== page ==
To ensure the success of railway concessions, Nelson Mandela University Infrastructure Development and Engagement Unit (ID&EU) associate Bongani Mankewu says government “must fathom the significant role to be played by academia and the industry”.
He explains that the inception of concessioning in African countries could lead to improved rail services and relieve governments of costly subsidies to State-owned rail companies.
However, Mankewu notes that the “astuteness of the negotiators is indispensable” as the relatively low amount of equity put into concessions is, in most cases, exceeded by the value of the rolling stock that has been transferred to the concessionaire.
As a result, though much of the rolling stock can be in poor condition, he suggests that such transfers “must not shift the financial risks associated with railway infrastructure investment from the private to the public sector”.
If the risk is not negotiated adequately to allow the investment to spill over to the local industry, Mankewu says the concessioning practice then “reflects a weak financial basis with business fundamentals, though justified”.
He adds that insufficient support to major investment on a commercial basis is “all too prone” to liquidity problems.
Therefore, Mankewu urges academia and the industry to police the practice that is common to government and interested groups when infrastructure megaprojects are proposed.
“The Machiavellian formula turned to be the norm which follows this pattern: to get an infrastructure project built one must underestimate costs, overestimate revenues, undervalue environmental and social impacts, overvalue wider economic development effects, or spillover effects - that will lead to winning project approval,” Mankewu explains.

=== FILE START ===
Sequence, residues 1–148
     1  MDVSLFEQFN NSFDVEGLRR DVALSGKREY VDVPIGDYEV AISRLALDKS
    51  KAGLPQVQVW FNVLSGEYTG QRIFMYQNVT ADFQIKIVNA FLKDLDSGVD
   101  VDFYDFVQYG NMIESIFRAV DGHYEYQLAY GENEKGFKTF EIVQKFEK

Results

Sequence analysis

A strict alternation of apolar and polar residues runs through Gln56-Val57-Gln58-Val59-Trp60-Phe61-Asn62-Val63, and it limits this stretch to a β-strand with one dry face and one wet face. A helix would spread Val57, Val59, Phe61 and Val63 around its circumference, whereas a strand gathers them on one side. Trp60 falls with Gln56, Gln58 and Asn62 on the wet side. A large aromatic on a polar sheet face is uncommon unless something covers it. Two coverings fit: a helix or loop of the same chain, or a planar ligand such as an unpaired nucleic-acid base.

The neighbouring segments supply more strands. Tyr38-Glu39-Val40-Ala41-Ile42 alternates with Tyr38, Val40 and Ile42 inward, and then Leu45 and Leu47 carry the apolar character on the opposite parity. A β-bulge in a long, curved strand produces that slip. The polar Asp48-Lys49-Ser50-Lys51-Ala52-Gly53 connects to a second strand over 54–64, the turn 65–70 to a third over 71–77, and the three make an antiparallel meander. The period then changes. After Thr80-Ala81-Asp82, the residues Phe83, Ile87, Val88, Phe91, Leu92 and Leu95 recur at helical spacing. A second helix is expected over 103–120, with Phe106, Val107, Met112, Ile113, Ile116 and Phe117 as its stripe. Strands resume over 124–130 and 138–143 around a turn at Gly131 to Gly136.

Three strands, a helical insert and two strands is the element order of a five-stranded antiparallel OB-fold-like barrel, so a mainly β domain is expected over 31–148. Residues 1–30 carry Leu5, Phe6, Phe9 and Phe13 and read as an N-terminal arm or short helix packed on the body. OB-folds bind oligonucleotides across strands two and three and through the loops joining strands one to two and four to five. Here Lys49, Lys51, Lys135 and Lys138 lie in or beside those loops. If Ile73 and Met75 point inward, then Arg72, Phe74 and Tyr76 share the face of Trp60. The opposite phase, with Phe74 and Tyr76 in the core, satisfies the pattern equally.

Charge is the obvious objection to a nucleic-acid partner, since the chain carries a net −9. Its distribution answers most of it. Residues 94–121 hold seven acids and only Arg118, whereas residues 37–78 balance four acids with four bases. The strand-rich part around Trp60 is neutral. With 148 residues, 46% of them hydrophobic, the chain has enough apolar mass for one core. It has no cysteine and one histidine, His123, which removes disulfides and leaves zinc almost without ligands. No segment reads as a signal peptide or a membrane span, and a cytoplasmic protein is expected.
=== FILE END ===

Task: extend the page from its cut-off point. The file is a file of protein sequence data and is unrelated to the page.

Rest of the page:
He tells Engineering News that the Gautrain Rapid Rail Link system project is prone to this practice. Though the engineering success must be recognised, as is already assented by some industry experts, the cost overruns on the major infrastructure project are “due to contractual ineptitudes”.
Evaluation of the Gautrain project “must never be taken from the 'uncritical adulation' of the engineering success of that project”, Mankewu states, noting that the sheer scale of the costs involved, set against larger and more pressing national transport shortages, “invariably prompts questions about the rationale behind the construction of the Gautrain”.
Besides engineering success, he believes the Gautrain, as a megaproject, needs to be understood as aimed at signalling South Africa’s pre-eminence as the modern African State.
“Therefore, the Gautrain project symbolically buttresses the country’s quest to punch above its weight in international affairs. With the trend of mimicking the international norms without aligning them with our conditions, we risk aggravating the already chronic economic situation in South Africa.”
Mankewu says it is, therefore, “judicious” for academia and the industry to assist the government on concession-type schemes in respect of political risks, such as the discontinuation of concessions, tax increases, inappropriate tariff implementation and increases, and framing of new government policies.
Concessioning is not a panacea, he notes, advancing that it requires originality from the host country perspective, adding that institutions like South African State-owned enterprises call for alternative options for their sustainability and that of the country’s economy.
Railways, similarly to other network infrastructure, are critical for the economic advancement of the South African economy and the building of value chains for the attainment of the promise of the Africa Continental Free Trade Area for the African continent.
“Careful thought process must be applied without recklessly replicating the international norms with no consideration of the South African industries, as already happened in the case of both Passenger Rail Agency of South Africa and Transnet’s recent rolling stock [projects],” Mankewu concludes.